Desert Water Marketing Plan Nears Key Vote

The Metropolitan Water District of Southern California (MWD) could vote as early as June on Cadiz Inc.’s unprecedented proposal to store water under its privately owned desert land for resale to municipal customers.
“No water project of this size has ever been undertaken between a public agency like the MWD and a private company,” said Jane Kelly, director of Public Citizen’s California office, who called the upcoming vote “an issue of mind-boggling consequences.” [See Terrain, Fall 2000, Fall 2001.]
Santa Monica–based Cadiz wants to build a 35-mile pipeline from the MWD’s Colorado River Aqueduct through the eastern Mojave Desert, transferring wet-year agricultural runoff into aquifer storage approximately 15 miles south of the Mojave National Preserve.
Cadiz also would draw up to 1.5 million acre-feet of native water over 50 years from aquifers under its 27,000 desert acres.
During dry years, it would sell native water and charge fees for stored aqueduct water to MWD and its 17 million customers.
“If water is made into a marketplace commodity, the public will lose all control over this resource,” said Kelly. “If you think what Enron did to electricity was bad, wait until you see what Cadiz could do to water.”
In April, the US Bureau of Land Management (BLM) was expected to uphold its final Environmental Impact Report (EIR) allowing Cadiz to build its pipeline on the border of two wilderness areas.
Environmentalists, who are now lobbying the 37-member MWD board, have blasted the BLM’s findings.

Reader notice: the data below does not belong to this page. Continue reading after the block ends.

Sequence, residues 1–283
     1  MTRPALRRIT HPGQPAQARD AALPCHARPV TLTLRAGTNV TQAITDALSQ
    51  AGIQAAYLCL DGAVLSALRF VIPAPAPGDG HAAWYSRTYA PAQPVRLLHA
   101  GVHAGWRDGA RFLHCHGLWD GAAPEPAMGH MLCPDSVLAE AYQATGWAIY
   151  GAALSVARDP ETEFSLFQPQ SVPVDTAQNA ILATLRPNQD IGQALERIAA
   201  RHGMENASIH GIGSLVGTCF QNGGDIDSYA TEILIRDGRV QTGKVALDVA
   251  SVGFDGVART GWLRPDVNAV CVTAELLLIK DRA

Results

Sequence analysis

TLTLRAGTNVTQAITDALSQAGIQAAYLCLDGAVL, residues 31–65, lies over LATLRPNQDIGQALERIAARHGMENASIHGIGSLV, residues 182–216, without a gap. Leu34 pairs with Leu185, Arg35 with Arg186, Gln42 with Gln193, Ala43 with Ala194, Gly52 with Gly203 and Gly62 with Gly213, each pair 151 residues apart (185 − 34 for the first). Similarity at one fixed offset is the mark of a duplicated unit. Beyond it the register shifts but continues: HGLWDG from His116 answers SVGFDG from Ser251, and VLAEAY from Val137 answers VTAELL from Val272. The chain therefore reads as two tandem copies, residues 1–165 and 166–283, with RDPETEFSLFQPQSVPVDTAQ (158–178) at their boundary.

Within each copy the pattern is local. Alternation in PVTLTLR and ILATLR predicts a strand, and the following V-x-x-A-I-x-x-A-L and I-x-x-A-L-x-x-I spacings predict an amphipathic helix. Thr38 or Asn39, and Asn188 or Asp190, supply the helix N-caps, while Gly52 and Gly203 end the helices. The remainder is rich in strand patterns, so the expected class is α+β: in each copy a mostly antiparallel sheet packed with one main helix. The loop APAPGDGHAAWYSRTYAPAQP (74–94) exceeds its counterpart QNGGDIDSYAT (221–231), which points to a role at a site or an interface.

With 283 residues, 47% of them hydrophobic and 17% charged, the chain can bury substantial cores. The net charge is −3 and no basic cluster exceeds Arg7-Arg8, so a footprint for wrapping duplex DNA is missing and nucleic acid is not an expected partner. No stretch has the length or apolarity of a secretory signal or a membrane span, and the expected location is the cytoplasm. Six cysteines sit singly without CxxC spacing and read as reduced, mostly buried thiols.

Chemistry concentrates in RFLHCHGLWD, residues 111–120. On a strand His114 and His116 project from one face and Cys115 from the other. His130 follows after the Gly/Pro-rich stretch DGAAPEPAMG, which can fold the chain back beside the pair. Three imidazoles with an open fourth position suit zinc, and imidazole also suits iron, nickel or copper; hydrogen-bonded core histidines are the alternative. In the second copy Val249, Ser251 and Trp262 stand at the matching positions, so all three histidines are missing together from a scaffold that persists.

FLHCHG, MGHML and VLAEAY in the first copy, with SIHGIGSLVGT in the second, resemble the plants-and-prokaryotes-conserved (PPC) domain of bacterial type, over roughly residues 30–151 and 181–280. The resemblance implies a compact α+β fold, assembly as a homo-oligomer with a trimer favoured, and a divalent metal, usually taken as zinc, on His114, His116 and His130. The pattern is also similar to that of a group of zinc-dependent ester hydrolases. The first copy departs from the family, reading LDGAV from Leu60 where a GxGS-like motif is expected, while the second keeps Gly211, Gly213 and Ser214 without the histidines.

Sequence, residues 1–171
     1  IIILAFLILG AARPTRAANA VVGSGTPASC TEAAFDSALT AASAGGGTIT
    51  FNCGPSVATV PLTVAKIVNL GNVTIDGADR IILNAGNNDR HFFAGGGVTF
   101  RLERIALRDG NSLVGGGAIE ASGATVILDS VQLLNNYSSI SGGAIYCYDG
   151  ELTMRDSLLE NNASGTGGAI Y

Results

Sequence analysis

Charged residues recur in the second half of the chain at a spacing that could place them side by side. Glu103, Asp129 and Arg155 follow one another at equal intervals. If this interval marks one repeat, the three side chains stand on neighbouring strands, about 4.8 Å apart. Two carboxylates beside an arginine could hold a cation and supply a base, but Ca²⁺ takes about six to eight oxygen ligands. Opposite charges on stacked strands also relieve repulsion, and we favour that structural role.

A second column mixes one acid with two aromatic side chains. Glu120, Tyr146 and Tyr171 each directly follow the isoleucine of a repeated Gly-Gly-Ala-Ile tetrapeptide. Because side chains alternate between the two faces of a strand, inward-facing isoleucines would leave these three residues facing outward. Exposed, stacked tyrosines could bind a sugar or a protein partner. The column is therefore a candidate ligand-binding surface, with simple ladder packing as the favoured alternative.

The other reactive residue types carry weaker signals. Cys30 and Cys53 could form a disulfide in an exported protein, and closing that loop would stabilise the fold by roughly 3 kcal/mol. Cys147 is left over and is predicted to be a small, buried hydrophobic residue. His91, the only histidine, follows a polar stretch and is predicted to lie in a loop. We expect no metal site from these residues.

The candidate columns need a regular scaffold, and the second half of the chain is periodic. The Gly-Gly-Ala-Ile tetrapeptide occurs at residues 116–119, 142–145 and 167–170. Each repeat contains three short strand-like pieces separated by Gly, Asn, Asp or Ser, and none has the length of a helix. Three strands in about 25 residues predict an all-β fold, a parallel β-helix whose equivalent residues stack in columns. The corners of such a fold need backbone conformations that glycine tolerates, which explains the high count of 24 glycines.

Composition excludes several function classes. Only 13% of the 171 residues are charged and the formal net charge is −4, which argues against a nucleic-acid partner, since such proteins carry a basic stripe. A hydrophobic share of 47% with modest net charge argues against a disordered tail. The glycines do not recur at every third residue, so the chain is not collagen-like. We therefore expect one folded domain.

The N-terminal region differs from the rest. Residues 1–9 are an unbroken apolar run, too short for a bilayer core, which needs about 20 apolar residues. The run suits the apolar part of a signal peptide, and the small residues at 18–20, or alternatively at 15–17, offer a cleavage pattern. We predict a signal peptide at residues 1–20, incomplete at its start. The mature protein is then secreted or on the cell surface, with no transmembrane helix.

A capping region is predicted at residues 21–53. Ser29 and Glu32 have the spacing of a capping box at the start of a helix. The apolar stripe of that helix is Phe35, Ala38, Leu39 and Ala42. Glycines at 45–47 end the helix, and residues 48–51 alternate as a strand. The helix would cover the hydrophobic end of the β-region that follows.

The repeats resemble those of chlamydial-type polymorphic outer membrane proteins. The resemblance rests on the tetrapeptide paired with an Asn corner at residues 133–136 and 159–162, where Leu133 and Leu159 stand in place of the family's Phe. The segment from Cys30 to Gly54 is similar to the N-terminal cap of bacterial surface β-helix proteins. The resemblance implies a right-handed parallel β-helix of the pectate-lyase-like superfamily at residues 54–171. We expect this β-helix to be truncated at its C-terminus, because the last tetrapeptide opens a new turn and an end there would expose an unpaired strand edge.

Cadiz and the MWD claim they can extract 70,000 acre-feet of the native groundwater per year harmlessly; the US Geological Survey puts the natural recharge rate near 5,000 acre-feet per year.
Overdraft could dry up springs, causing massive dust storms over the 100 square miles around Bristol and Cadiz lakes; and jeopardize desert bighorn sheep and the endangered desert tortoise, said Bob Ellis of the conservation group Desert Survivors.
BLM, claiming a lack of scientific consensus on recharge rates, proposes a “Groundwater Monitoring and Management Plan” to prevent overdrafting.
“It’s insane to try and build this entire project with no guidelines in place to protect the ecosystem and aquifer,” said Public Citizen’s Kelly. “The MWD could spend over $100 million on the pipeline and discover a shortage of groundwater.”
MWD Vice President for External Affairs Adan Ortega said a technical review panel would annually limit extraction of native water to safe levels, and MWD would voluntarily draw only stored aqueduct water “for the first 15 years,” as it weans itself off Colorado River surplus.
“[But] we would have to prepay for 30,000 acre-feet of indigenous water over 50 years. [If that’s not available,] our board would want some security from that loss.”
Southern California consumers could find themselves paying higher rates for “a big ill-informed investment,” said Ellis.
MWD, which has invested $2 million in the plan so far, would pay at least $75 million to build the facilities, and up to $800 million dollars for the water, Ortega said.
Should the MWD vote for approval, the Eugene, Oregon-based Western Environmental Law Center (WELC) will sue the US Department of the Interior to block the current version of the project, said WELC attorney Simeon Herskovits. But Public Citizen said the plan is lobbying MWD to make sure it doesn’t get that far.
Updates: Public Citizen: (510) 663-0888, To contact MWD board members, call (213) 217-6000.

Comments are closed.